On top of the Marina Bay Sands towers, the Skypark is home to an observation deck, swimming pool (star of thousands of Instagram shots and the synchronised swimming snippet at the end of the film) and the restaurant/bar/lounge Cé La Vi, where the show-stopping views ensure the place is perpetually packed. Options at Cé La Vi include a curated six-course menu with wine pairing by the only Master Sommelier in Singapore, and a private dining room with sublime views of the Singapore Strait. The club lounge can also be customised for a private party
(as in Crazy Rich Asians).
At the National Gallery, the bright, airy Odette is a homage to chef Julien Royer’s grandmother and earned the distinction of being recognised as the top restaurant in the city. The highlight of the modern French menu is undoubtedly the eight-course dinner tasting menu with wine pairing, a gustatory extravaganza that celebrates Royer’s use of Asian ingredients and French preparation. For haute cuisine liberated from the constraints of the standard restaurant experiences, The Inside Access concierge service can supply alternatives with chefs from esteemed establishments like Pollen, Blackwattle and Les Amis. For the Chef ’s Table series, meals can be hosted at a restaurant with a menu created just for the client, the personal interaction with the chef throughout the meal a hallmark of the
experience. The Chef on Board sees evening trips on a yacht shadowing Singapore’s coastline while canapés like clams from New Zealand and urchins from Hokkaido are served with cocktails prepared on board.
High-end stores fill the floors at Paragon on Orchard Road, but a more over-the-top experience awaits at The Shoppes at Marina Bay Sands, where a customised concierge service whisks top shoppers to luxury retailers. Among the spoils are the Omega Seamaster Planet Ocean 600m Co-axial Master Chronometer (about S$140,000/ US$102,000), or bespoke fragrances upwards of S$45,000 (US$33,000) from French perfume house Henry Jacques. On the bay, the Louis Vuitton store, the largest outside the Champs-Elysées in Paris, is set inside an angular glass pavilion and has Asia’s first Travel Room, with an outdoor loggia that re-creates the deck of a luxury yacht.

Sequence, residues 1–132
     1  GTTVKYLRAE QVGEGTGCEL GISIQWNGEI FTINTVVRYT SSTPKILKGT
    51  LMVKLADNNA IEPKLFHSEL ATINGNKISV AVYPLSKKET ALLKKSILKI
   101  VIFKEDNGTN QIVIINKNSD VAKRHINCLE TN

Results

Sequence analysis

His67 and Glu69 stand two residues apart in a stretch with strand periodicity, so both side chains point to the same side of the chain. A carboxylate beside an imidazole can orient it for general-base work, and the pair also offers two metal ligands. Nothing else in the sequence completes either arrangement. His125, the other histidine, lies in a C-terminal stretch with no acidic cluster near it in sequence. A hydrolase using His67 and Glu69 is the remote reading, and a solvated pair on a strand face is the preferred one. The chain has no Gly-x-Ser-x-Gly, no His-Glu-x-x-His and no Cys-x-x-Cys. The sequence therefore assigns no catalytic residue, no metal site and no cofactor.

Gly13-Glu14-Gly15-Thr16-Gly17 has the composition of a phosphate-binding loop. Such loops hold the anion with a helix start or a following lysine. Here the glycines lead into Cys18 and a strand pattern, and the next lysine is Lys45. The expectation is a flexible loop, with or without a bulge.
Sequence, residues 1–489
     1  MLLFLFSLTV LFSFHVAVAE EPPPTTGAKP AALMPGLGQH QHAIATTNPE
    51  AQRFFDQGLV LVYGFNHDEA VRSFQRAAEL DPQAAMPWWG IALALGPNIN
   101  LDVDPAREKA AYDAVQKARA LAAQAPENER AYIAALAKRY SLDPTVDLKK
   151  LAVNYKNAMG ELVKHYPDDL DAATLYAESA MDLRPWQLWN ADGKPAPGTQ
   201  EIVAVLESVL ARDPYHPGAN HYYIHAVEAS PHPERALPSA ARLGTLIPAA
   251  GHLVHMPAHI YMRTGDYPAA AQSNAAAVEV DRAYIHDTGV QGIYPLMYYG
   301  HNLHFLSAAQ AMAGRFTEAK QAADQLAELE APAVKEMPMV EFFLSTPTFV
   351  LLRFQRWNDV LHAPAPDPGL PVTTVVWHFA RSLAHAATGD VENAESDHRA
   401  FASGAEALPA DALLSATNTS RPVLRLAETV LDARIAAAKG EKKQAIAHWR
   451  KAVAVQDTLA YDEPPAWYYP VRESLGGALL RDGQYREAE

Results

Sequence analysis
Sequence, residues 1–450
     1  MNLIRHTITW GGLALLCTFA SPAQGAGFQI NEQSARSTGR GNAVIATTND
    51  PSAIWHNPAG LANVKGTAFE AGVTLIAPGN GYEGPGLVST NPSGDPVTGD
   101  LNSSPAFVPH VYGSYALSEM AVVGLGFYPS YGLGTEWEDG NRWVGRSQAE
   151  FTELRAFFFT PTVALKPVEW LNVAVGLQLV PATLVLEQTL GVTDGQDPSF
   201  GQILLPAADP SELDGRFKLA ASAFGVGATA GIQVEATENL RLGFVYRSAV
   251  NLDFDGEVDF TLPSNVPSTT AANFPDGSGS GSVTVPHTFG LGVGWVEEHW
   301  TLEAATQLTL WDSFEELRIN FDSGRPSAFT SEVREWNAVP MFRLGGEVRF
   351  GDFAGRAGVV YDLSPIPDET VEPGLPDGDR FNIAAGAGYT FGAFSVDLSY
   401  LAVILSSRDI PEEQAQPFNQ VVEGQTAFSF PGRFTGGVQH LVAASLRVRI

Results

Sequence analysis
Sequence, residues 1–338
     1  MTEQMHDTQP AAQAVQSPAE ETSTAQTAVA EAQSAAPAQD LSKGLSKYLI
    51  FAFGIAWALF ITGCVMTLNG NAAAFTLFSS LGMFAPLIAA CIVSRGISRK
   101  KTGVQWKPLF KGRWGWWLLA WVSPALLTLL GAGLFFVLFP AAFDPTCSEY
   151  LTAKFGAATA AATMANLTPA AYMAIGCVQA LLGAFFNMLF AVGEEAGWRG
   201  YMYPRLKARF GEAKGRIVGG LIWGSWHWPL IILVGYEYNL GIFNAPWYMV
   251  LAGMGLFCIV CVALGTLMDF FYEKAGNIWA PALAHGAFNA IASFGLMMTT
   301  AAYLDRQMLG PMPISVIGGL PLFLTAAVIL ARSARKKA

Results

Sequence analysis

For lovers of actual yachts, One 15 Marina stocks a number of vessels for charter, the largest a 40-metre Westport which can sleep up to ten guests for overseas charters. The marina offers charters in Singapore waters that visit the city’s outer islands, while for the more adventurous, more cash-heavy client, boats can travel to islands as far as Langkawi and Phuket, so a local trip with top-shelf seafood and wines or a month-long diving trip around Southeast Asia are both plain sailing.
Gold, a metal and colour that represents wealth like no other, makes a couple of surprising cameos. TWG Tea, with a few locations in the city, sells Grand Golden Yin Zhen, white tea leaves plated with 24-karat gold and sold at S$19,000 (US$13,800) per kilo. At bespoke tailor The Prestigious, the library of fabrics include Holland & Sherry cloth with 22-karat gold; but for the true crazy-rich experience, the Diamond Chip collection fabric from Scabal has crushed diamonds blended into the wool and silk, lending garments a subtle, luxurious glow. The effect? You’ll feel like a million, or maybe more appropriately, a billion dollars.
On the bay, the Louis Vuitton store, the largest outside the Champs-Elysées in Paris, is set inside an angular glass pavilion and has Asia’s first Travel Room
CLOCKWISE FROM LEFT PAGE:Skai Bar; 1880; The St Regis; Capella; and Resorts World Sentosa
CLOCKWISE FROM LEFT PAGE: Jaan; Odette; The Inside Access; TWG Tea; and Porcelain